Sunday, November 20, 2005
I'm now wondering why the Yes to MMPR people are being such dicks.
Today, as I entered the Charlottetown Farmer's Market I was accosted by a couple of evangelical "YES" to MMPR folks. Evangelical is actually a tame word to describe the aggressive, argumentative behaviour of this distasteful duo. After about 2 minutes of out and out arguing with me about why I was undecided and still had questions about the MMPR proposal we will be voting on November 28th, I decided to walk away. I know these two birds, and they are both involved and caring citizens (one happens to be a commissioner on the Commission on PEI's Electoral Future which I find a tad inappropriate, but maybe that's cool with the Commission, don't know).I also get the impression from the 'yes' people that being sceptical about this proposed system (a very specific and flawed implementation of PR.) means that you are either against change, part of or a beneficiary of the old-style 'corrupt, back-room' pollitical system. (who will turn around and tell you that political parties are a fact of life so no sense fretting about independent's losing a voice. or that you're too dimwitted to understand why this system of handing out seats to losing parties is so wonderful.
The 'no' side (as in, no to this system but not necessarily no to reform.) doesn't have nearly the same nasty habit of talking down to people and treating questions as confrontation.
Still haven't completely made up my mind, but the 'yes' people aren't doing their side any favours.
On your first vote, you are asked to choose the district candidate you feel best represents your views and can best represent your local district's concerns in goverment. On your second vote, you are choosing the party you feel best represents your views in the legislature. Under MMP, the standings in the legislature will reflect the way Islanders voted on their second ballots as closely as possible. Practically, this does mean that parties that win disproportionately high numbers of district seats will receive less list seats. But theyb will win no more or less seats than Islanders voted for them on the second ballot! Some might say that this is awarding seats to "losing parties", I call it fair voting and ensuring that every vote counts.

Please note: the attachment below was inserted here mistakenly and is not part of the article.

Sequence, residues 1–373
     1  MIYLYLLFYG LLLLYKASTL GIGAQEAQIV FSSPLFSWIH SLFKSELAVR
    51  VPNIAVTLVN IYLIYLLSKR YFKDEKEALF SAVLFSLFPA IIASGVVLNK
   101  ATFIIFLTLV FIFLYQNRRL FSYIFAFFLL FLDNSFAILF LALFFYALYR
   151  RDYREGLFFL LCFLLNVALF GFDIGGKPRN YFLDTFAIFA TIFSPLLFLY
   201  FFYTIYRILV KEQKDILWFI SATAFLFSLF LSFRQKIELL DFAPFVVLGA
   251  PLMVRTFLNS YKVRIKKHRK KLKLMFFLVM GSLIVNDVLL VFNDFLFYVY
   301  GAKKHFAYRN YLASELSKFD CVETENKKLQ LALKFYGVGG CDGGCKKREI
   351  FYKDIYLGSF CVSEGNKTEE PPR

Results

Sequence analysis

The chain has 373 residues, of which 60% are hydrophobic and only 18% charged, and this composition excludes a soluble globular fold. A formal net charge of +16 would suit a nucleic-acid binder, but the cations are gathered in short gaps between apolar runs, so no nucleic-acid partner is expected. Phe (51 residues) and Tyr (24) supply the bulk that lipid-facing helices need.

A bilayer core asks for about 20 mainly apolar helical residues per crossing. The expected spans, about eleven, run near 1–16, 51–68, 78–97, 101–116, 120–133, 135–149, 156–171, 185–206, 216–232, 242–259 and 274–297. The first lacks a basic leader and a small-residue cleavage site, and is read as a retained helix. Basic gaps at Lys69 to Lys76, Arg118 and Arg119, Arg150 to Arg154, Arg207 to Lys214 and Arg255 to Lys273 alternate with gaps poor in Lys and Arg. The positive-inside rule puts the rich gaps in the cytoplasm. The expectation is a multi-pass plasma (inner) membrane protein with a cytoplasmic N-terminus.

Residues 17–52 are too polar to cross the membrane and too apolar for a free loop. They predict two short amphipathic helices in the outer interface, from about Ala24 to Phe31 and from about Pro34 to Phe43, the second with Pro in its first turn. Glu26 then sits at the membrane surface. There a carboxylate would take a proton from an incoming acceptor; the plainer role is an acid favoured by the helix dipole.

To respond to your specific concerns about independents, as I said at the debate last week, MMP does not eliminate the possibility of independent candidates taking a seat in Province House (although it should be noted no independent candidate has stood for election in 30 years!). They will be able to run for the 17 district seats and - depending on how our current MLAs rewrite the Elections Act to prepare for MMP - could still conveivably run as an independent for the list seats, as say the Alex Party.
Finally, I would direct your attention to the blog entry by Rob MacLean on our website - www.peivotesyes.com - which addresses the issue of parties and PR quite well.
As Gordon suggested, you can Vote No in the hopes of getting a better system, but I doubt Islanders will be any more likely to buy another PR system, whether list PR or STV. As you asked me at the debate I'll lend my support to such a campaign somehow, but I think it will be much tougher road to hoe than this campaign and I wouldn't want the job of running it.
To me, voting yes, which I will be doing, is about opening the dialogue for electoral reform. I certainly respect that many people have concerns about the particular proposal, and I don't believe in the "your either with us or against us" mentality. However, I don't think that a "No" vote will be seen by the government, as "No, I don't like this particular model, but I am for looking at electoral change." Perhaps, I'm merely being skeptical, but I think a "No" vote will be seen as "I'm happy just the way things are." (I would, of course, LOVE to be proven wrong about this.) As well, should over 60% of voters say "yes", I don't actually believe that the gov't will immediately overhaul the electoral system, there could be a wee bit of fidling with this model first. This is why to me, if one is not happy with the current FPTP system, and sees at least some value in MMP and electoral reform, a yes vote makes sense.
Some campaigners for the "Yes" side may be zealous, but I would venture that perhaps this comes out of a defensive feeling of trying to reach an unfair threshold of 60%, while the "No" side can be a little more relaxed, as it's goal is a cool 40%.